View Article and Find Full Text PDF

Download full-text PDF

Source
http://dx.doi.org/10.1016/j.yrtph.2019.104470DOI Listing
November 2019

A mode-of-action ontology model for safety evaluation of chemicals: Outcome of a series of workshops on repeated dose toxicity.

Toxicol In Vitro 2019 Sep 4;59:44-50. Epub 2019 Apr 4.

Department of In Vitro Toxicology and Dermato-Cosmetology, Faculty of Medicine and Pharmacy, Vrije Universiteit Brussel, Laarbeeklaan 103, 1090 Brussels, Belgium.

Repeated dose toxicity evaluation aims at assessing the occurrence of adverse effects following chronic or repeated exposure to chemicals. Non-animal approaches have gained importance in the last decades because of ethical considerations as well as due to scientific reasons calling for more human-based strategies. A critical aspect of this challenge is linked to the capacity to cover a comprehensive set of interdependent mechanisms of action, link them to adverse effects and interpret their probability to be triggered in the light of the exposure at the (sub)cellular level. Inherent to its structured nature, an ontology addressing repeated dose toxicity could be a scientific and transparent way to achieve this goal. Additionally, repeated dose toxicity evaluation through the use of a harmonized ontology should be performed in a reproducible and consistent manner, while mimicking as accurately as possible human physiology and adaptivity. In this paper, the outcome of a series of workshops organized by Cosmetics Europe on this topic is reported. As such, this manuscript shows how experts set critical elements and ways of establishing a mode-of-action ontology model as a support to risk assessors aiming to perform animal-free safety evaluation of chemicals based on repeated dose toxicity data.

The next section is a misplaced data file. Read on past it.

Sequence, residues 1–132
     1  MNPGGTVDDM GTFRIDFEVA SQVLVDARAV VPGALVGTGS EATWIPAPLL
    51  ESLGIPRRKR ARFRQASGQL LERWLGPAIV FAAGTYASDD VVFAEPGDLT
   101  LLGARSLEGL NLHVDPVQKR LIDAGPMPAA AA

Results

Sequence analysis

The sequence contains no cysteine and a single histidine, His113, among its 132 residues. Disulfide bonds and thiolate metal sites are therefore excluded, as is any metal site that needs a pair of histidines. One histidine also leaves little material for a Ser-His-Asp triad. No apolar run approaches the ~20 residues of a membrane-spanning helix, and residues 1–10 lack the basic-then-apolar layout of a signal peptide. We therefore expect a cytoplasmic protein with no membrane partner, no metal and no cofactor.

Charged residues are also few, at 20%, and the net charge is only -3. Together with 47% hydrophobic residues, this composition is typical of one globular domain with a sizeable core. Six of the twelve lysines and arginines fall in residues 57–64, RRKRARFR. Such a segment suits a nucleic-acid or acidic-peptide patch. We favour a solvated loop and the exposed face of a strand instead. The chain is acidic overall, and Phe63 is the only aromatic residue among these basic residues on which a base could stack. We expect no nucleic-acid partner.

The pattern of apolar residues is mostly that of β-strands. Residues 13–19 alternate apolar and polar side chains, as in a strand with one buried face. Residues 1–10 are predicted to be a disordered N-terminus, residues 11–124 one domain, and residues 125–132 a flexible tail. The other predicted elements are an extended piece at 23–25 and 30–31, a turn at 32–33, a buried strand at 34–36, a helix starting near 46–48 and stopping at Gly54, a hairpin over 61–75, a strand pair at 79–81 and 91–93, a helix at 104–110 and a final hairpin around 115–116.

View Article and Find Full Text PDF

Download full-text PDF

Source
http://dx.doi.org/10.1016/j.tiv.2019.04.005DOI Listing
September 2019

Finding synergies for 3Rs - Toxicokinetics and read-across: Report from an EPAA partners' Forum.

Regul Toxicol Pharmacol 2018 Nov 23;99:5-21. Epub 2018 Aug 23.

Scientific Consultancy - Animal Welfare, Germany.

The European Partnership for Alternative Approaches to Animal Testing (EPAA) convened a Partners' Forum Toxicokinetics and Read-Across to provide an overview on research activities to develop in vitro toxicokinetics methods and physiologically-based kinetic (PBK) models and to find synergies to enhance use of toxicokinetic data to strengthen read-across. Currently, lacking toxicokinetic data often prevent the application of read-across. Preferably, toxicokinetic data should be generated using in vitro and in silico tools and anchored towards human relevance. In certain sectors, PBK modelling is being used for risk assessment, but less so in others. Specific activities were identified to facilitate the use of in vitro and in silico toxicokinetic data to support read-across: The collation of available tools indicating the parameters and applicability domains covered; endpoint-specific guidance on toxicokinetics parameters required for read-across; case studies exemplifying how toxicokinetic data help support read-across. Activities to enhance the scientific robustness of read-across include the further user-friendly combination of read-across tools and formal guidance by the authorities specifying the minimum information requirements to justify read-across for a given toxicity endpoint. The EPAA was invited to continue dissemination activities and to explore possibilities to collate a contemporaneous list of open toxicokinetics tools that assist risk assessment.